The other hero, Baptiste, holds the all-important Immortality Field, making him crucial so that you can prevent a Genji from getting the first kill he needs to snowball a fight. As a general rule, the team with the better Sigma won (less so than Genji, though) and the team whose Baptiste used Immortality First would usually lose.
With all that established, let's look at how the Overwatch League teams stacked up in their meta prowess.
North American Region
1. Paris Eternal (12-6, 32-27-0, 5)
The Eternal had an incredible Summer Showdown, winning the tournament by going through the May Melee champion, the San Francisco Shock, in the semifinals before taking on the NA region-leading Philadelphia Fusion in the finals. Throughout the tournament, DPS Yeong-han "SP9RK1E" Kim dominated as Genji, producing insane highlights and solidifying himself as a bonafide star. The rest of the Eternal were exceptional, with a special shoutout going to flex support and Baptiste player Joon "Fielder" Kwon, who played well on Sunday in 13 maps of championship-level Overwatch on 200 ping starting at 3 a.m KST and ending around 1 p.m.
2. Philadelphia Fusion (17-2, 44-17-0, 27)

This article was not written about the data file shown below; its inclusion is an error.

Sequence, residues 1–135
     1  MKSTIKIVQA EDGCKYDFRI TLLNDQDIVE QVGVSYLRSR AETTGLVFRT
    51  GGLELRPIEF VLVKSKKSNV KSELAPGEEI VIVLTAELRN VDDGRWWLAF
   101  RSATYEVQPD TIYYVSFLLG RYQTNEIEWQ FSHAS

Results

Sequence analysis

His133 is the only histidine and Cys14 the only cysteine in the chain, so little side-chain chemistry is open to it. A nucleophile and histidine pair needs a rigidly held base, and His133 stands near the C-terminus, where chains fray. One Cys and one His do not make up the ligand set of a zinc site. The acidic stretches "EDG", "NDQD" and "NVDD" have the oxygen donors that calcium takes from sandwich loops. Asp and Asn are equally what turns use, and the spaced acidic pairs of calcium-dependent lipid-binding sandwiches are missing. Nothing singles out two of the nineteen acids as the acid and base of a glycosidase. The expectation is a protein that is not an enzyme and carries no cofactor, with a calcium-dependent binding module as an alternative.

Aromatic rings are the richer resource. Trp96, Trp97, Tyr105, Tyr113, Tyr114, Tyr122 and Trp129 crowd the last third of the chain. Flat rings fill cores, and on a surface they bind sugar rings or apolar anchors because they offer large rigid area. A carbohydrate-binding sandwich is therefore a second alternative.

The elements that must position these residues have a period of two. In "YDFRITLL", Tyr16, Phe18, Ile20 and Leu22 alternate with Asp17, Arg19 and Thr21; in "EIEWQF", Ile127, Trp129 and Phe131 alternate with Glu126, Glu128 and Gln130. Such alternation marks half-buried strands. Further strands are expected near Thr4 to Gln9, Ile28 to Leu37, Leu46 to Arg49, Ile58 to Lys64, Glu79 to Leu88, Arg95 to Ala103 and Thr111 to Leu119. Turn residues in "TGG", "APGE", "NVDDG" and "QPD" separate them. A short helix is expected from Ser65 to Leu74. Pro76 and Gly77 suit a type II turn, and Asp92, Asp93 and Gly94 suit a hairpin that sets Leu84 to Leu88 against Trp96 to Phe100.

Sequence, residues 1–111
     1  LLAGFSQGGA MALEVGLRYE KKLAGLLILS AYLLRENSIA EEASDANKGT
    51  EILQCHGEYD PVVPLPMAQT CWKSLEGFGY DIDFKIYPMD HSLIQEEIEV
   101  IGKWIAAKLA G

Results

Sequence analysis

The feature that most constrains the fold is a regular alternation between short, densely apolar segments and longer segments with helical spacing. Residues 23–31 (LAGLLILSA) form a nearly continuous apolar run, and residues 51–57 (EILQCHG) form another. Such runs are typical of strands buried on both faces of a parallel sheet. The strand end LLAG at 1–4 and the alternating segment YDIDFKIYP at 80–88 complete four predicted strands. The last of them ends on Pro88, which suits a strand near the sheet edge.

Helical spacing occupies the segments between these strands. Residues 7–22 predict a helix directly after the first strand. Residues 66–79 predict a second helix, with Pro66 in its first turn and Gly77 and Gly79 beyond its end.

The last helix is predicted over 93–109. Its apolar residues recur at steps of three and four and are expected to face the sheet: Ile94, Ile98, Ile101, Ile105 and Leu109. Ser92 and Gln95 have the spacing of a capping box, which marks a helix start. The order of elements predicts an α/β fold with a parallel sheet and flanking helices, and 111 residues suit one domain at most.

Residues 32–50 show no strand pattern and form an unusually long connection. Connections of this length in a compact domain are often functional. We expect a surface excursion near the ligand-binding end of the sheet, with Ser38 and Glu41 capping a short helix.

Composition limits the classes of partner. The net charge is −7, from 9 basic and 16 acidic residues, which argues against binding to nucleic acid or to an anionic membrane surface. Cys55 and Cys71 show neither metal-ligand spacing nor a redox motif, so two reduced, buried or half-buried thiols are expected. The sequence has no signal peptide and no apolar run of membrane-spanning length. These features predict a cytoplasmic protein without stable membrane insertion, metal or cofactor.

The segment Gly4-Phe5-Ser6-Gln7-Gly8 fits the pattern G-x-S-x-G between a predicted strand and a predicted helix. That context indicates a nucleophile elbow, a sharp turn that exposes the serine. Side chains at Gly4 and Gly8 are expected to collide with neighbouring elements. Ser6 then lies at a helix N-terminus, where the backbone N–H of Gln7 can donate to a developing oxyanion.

The Fusion looked good in their run to the finals but didn't have enough energy to overcome the storyline-fueled Eternal. Philly looked great running the meta, with DPS Josue "Eqo" Corona making his return to the starting lineup as Genji. A close loss in the finals should solidify the Fusion as a top-two team in the region and a serious contender for the championship.
3. San Francisco Shock (15-2, 35-11-2, 24)
The Shock fell just short of the grand finals in a 3-2 loss to the eventual tournament champions, so you can't knock them for not having a good showing. You can, however, point out that they failed to adapt to the meta, barely playing Genji, the strongest hero in the game at the time. San Francisco gets penalized for trying to brute force their playstyle throughout the tournament, but this team is so good that it almost worked anyways.
4. Toronto Defiant (6-10, 25-34-0, -9)
Remember when we talked about upsets? The Defiant were a surprising success at the tournament, taking out the Los Angeles Valiant 3-1 in the knockout round and picking up a 3-2 upset win over the second seed Atlanta Reign in the quarterfinals before getting 3-0 swept by the Fusion in the semifinals. DPS Brady "Agilities" Girardi had a sublime showing on Genji, and practically every Toronto player played well above their average in the playoff run. Good job, Defiant..